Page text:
In Vietnam, the World Bank’s endeavors have improved access to quality health care services for 13.7 million Vietnamese people in mostly remote areas in Northern Vietnam. Through the Northeast and Red River Delta Regions Health System Support Project, the World Bank “improved the treatment capacity of 74 public hospitals at the district and provincial levels by investing in upgrading the medical infrastructure and training health workers.”

These hospitals can now provide specialized health care services in the areas of “cardiology, obstetrics/gynecology, pediatrics, oncology and trauma (surgery).” This means patients no longer need to travel very far to seek this care.

To reduce Indonesia’s national stunting rate, the World Bank established the Investing in Nutrition and Early Years Program in 2018 to support Indonesia’s national strategy. The project managed to decrease the national rate of stunting by 6.4% in three years.

World Bank Programs in Latin America and the Caribbean

In April 2020, at the start of the COVID-19 pandemic, the World Bank committed $29.1 billion to Latin America and the Caribbean to combat the crisis till June 2022. Within this region, the World Bank has been focusing on “promoting inclusive growth,” “investing in human capital” and “supporting countries’ development goals” while “fostering a green and sustainable recovery.” The World Bank has provided funding to countries such as Costa Rica, Colombia, Argentina, Ecuador and Peru, with support ranging from reformation, stability efforts, education expansion, sustainability and economic recovery.

Supporting South Asia

South Asia has received $31 billion in funding from the World Bank since March 2020. More than 857 million disadvantaged South Asians received support through $2.73 billion of funding provided by 10 initiatives supporting social safety nets. These finances provided social assistance to the most impoverished households to help them meet their basic needs. This funding has also supported health projects that have equipped health care centers, bolstered education programs and increased vaccine availability.

World Bank Projects in MENA

The World Bank’s mission in the Middle East and North Africa is to “eliminate poverty and promote shared prosperity through strengthening human capital, supporting jobs and economic transformation, advancing gender equity, addressing fragility and enabling green growth,” its website says. World Bank projects in the MENA equate to about $23.2 billion. Since April 2020, the bank has devoted $5.4 billion as of October 2021 to address the pandemic’s impacts and “protect the most vulnerable, support sustainable business growth and job creation and strengthen institutions to rebuild.”

The World Bank’s endeavors have supported the distribution of vaccines in Tunisia, Iraq, Jordan and Yemen. In 2021, the World Bank detailed its strategies for the Middle East, including efforts toward transparency and trust, improving human capital and strengthening gender equality.

The World Bank is one of the leading institutions in the fight against poverty. Its mission and impact highlight the importance of the global organization in the progress and development of developing countries.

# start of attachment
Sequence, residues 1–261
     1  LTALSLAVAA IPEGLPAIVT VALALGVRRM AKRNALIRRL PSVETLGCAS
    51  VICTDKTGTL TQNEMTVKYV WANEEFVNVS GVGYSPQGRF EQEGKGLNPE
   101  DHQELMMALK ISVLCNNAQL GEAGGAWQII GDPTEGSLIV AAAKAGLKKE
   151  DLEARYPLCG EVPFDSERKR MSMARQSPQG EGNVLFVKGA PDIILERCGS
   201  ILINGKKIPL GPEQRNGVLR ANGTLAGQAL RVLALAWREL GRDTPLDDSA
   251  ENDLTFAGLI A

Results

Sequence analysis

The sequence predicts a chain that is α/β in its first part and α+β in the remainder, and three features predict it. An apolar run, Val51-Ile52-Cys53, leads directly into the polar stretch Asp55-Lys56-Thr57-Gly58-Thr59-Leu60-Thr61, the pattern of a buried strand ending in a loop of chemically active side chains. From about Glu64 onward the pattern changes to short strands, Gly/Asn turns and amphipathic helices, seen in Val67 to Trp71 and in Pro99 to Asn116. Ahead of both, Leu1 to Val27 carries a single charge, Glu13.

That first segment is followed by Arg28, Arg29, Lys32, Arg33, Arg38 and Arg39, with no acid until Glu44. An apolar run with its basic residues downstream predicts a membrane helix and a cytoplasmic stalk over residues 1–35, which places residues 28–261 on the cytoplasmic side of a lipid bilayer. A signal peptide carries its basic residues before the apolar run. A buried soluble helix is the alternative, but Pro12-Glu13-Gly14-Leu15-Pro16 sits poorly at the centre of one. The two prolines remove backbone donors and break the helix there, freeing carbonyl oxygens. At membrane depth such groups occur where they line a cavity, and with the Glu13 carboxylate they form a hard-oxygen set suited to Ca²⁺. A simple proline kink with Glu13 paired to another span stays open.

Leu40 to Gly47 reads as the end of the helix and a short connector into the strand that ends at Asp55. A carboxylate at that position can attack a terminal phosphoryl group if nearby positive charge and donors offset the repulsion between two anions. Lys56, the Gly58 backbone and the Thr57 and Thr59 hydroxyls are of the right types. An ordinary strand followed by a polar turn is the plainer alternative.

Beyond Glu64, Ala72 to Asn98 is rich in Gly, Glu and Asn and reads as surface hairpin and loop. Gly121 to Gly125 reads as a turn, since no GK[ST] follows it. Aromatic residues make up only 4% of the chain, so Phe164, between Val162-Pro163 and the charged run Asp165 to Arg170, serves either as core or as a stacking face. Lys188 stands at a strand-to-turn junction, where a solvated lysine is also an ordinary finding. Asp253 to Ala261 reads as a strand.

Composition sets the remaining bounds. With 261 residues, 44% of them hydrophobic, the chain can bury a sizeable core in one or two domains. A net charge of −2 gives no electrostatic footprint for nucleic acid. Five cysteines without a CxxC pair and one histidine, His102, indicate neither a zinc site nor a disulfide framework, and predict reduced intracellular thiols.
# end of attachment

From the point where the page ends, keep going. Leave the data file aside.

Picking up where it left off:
– Audrey Gaines
Photo: Flickr

Investing in Developing Countries
Investing in developing countries holds the power to enhance the lives of its citizens significantly. The right investments can improve infrastructure, provide access to essential services, increase amenities and boost overall human development. These investments positively impact health, education and economic opportunities.

Sustainable Energy Fund for Africa (SEFA)

The Sustainable Energy Fund for Africa (SEFA), which the African Development Bank (ADB) manages, serves as a prime example of the benefits of investing in developing countries. Established in partnership with the government of Denmark in 2011, SEFA provides catalytic finance to unlock private sector investments in renewable energy and energy efficiency, striving to increase access to affordable, reliable, sustainable and modern energy services in Africa.

High-income governments and organizations have made contributions to SEFA. Through its efforts to develop green mini-grids, finance green energy programs and establish blended-finance initiatives for small-scale renewables, SEFA actively contributes to the growth of renewable energy in Africa.

This investment in renewable energy projects not only enhances access to energy and stimulates economic growth, but also generates job opportunities in developing countries. This helps raise living standards and reduce poverty, while also advancing the achievement of the Sustainable Development Goals of “No Poverty” and “Affordable and Clean Energy.”

Increasing Efforts

High-income countries should increase efforts towards promoting economic growth, reducing poverty and inequality and closing the gap in achieving the Sustainable Development Goals (SDGs) by investing in developing countries. Despite the growth of sustainable finance, most of it remains in high-income countries, leaving lower-income countries in need of funding. To bridge this gap, high-income countries should remove barriers to financing access in developing countries and allocate more financing towards SDG investments.

The U.N. Conference on Trade and Development and the International Monetary Fund (IMF) predict that the “SDG financing gap could reach $4.3 trillion per year from 2020 to 2025,” a significant increase from previous estimates, according to OECD.

OECD expects the government revenue of developing countries to decrease in 2022 and 2023, especially for middle-income countries, resulting in a yearly decline of $95 billion and its recovery will likely be slow, potentially not reaching pre-pandemic levels before 2030.

Companies could reap numerous benefits from foreign investment in developing countries, such as increased competitiveness, favorable productivity spillovers, access to new technology, market expansion and improved workforce training and qualifications leading to higher wages and employment.